The B.C. Greens and NDP parties have reached an agreement that will allow them to create a minority government and remove Premier Christy Clark from her seat as head of the province. Both parties have made it clear the new agreement is not a coalition — the Green Party will still be able to support their own platforms, but will guarantee any support of an NDP budget or confidence motion.
Both parties signed a confidence agreement that set out specific requirements for both parties to work together in B.C. It is a dream come true for Green supporters across the country as the environment and climate change goals are put at the forefront for the first time in Canadian history. An entire section of the agreement focuses on reducing greenhouse emissions and calls for an increase in the carbon tax and a revitalization of the environmental assessment process in the province. The Lieutenant Governor Judith Guichon will most likely cast a vote of no confidence to remove Christy Clark as Premier, though she has confirmed she will remain leader of the opposition.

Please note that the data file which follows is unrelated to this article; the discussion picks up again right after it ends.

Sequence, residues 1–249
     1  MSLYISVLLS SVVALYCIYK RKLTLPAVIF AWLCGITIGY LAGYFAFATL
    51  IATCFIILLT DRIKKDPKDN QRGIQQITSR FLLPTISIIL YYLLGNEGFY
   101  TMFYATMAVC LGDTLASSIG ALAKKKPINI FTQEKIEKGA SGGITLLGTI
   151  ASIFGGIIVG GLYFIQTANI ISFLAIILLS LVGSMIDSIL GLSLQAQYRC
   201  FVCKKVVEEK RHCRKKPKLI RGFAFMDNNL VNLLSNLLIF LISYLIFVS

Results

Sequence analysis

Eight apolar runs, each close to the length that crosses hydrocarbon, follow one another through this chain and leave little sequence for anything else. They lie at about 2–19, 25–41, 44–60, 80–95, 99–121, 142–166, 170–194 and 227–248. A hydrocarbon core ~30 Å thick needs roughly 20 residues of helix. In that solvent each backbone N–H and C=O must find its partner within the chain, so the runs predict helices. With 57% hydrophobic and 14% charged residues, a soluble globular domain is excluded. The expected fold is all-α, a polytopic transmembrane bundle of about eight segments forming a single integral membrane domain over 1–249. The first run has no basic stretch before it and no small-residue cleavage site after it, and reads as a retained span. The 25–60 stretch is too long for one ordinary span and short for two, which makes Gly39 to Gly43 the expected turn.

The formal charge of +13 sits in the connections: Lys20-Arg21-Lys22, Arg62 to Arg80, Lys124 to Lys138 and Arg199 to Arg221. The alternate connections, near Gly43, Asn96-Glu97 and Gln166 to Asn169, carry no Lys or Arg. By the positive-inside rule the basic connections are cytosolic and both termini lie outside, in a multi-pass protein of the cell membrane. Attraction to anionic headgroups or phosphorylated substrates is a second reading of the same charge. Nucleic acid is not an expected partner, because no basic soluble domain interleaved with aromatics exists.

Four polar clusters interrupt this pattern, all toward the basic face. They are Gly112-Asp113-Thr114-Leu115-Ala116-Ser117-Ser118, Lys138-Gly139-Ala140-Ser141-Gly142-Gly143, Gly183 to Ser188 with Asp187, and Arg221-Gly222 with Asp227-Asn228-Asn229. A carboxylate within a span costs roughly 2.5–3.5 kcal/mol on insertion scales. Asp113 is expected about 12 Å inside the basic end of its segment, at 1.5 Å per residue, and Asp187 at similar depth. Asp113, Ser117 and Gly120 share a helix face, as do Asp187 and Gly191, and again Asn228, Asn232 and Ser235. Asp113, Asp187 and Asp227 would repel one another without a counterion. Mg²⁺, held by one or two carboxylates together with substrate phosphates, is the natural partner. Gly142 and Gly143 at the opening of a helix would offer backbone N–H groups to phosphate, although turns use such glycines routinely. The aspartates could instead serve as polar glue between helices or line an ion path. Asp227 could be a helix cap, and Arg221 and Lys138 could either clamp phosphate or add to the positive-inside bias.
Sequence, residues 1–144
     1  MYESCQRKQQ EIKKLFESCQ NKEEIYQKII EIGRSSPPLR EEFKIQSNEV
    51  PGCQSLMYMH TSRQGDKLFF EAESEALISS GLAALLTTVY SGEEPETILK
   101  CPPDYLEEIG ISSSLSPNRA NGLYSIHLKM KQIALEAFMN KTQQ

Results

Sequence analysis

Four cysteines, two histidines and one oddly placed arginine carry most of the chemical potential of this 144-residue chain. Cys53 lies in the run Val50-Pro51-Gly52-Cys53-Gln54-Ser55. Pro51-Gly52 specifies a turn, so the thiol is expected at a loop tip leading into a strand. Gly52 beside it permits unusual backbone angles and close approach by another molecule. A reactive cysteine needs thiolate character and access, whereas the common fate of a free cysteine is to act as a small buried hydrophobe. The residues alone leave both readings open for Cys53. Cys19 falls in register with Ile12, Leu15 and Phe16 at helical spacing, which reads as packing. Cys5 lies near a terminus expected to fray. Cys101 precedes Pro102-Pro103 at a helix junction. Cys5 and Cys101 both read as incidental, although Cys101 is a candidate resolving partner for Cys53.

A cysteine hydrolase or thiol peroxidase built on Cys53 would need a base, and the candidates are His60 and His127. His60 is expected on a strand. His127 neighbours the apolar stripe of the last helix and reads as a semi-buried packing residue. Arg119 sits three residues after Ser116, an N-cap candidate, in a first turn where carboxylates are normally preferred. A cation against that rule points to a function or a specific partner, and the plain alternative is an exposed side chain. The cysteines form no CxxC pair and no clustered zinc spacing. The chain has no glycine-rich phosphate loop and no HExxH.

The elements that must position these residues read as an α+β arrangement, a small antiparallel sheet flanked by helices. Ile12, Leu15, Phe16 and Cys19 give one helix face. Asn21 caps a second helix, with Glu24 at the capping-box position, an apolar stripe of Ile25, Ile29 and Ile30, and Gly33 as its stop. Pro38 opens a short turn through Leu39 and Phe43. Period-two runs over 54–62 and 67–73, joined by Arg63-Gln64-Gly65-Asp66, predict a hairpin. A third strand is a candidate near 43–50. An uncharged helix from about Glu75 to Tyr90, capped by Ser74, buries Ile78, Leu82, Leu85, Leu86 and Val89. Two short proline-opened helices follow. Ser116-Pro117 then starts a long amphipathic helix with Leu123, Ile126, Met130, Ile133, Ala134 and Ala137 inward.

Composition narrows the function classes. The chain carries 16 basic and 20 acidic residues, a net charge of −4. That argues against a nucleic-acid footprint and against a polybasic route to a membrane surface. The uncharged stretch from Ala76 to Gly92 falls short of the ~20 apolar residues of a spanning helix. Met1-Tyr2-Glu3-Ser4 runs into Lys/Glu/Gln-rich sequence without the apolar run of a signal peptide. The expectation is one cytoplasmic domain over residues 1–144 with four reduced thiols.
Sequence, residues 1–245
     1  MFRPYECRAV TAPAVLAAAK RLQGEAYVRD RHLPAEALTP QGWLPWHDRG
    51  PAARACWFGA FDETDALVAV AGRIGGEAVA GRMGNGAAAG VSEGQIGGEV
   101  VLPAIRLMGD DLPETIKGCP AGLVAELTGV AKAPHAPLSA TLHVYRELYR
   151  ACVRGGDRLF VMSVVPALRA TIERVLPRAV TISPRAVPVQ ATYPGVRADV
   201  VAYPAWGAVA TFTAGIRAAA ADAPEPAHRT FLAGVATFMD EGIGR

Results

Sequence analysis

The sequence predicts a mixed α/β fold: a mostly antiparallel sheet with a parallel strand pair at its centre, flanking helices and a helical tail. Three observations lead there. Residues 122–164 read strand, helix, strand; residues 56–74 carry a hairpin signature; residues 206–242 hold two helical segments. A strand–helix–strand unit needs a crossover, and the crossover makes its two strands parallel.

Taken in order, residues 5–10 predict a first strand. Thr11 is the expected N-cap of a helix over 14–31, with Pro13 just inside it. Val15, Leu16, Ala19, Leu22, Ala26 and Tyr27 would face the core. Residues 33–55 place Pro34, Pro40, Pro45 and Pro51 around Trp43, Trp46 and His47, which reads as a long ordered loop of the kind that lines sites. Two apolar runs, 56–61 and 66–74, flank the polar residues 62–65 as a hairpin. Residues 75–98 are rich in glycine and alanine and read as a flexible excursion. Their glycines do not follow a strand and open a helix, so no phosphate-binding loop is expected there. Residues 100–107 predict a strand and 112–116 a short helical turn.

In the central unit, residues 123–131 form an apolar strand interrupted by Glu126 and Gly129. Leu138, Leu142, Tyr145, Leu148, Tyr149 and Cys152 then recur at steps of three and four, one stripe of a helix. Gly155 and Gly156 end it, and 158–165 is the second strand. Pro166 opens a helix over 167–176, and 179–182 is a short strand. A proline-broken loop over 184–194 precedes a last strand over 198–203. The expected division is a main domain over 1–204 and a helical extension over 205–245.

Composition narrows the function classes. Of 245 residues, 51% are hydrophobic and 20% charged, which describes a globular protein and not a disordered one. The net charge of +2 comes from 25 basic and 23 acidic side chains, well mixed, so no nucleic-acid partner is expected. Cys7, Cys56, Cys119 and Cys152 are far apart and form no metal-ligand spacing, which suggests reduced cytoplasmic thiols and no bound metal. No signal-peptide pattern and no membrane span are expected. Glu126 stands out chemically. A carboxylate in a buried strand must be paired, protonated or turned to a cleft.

The agreement takes a hard stance against the pipeline expansion of the Kinder Morgan project and promises to “immediately employ every tool available” to stop the project. The Site C hydro dam, another controversial environmental project, will also be sent to the B.C. Utilities Commission for review of its economic viability. Kinder Morgan’s shares fell on Tuesday on the Toronto Stock Exchange due to the uncertainty of the Kinder Morgan project and the recent coalition government.
The electoral results and vote recount has cast doubt onto the ‘first-past-the-post’ electoral system and is bringing up the issue of reform. The first-past-the-post system allows people to elect representatives for their ward, and the political party with the most representative becomes the leader of the province. The agreement between the NDP and the Green includes the discussion of changing to proportional representation, which would cast a popular vote for the premier or prime minister in addition to a vote for the candidate in each riding. The plan is to have a referendum in 2018. The Federal Liberal government pushed for electoral reform in their campaign and once Prime Minister Justin Trudeau was elected, they dropped the issue. The new government in B.C desires to bring that issue to the forefront.
The NDP-Green agreement marks a new relationship between two parties that have traditionally both been in disagreement. If the no confidence vote dethrones Clark and NDP leader John Horgan becomes Premier, it will be interesting to witness the environment become an issue of focus on a level never-before-seen in the province and across Canada.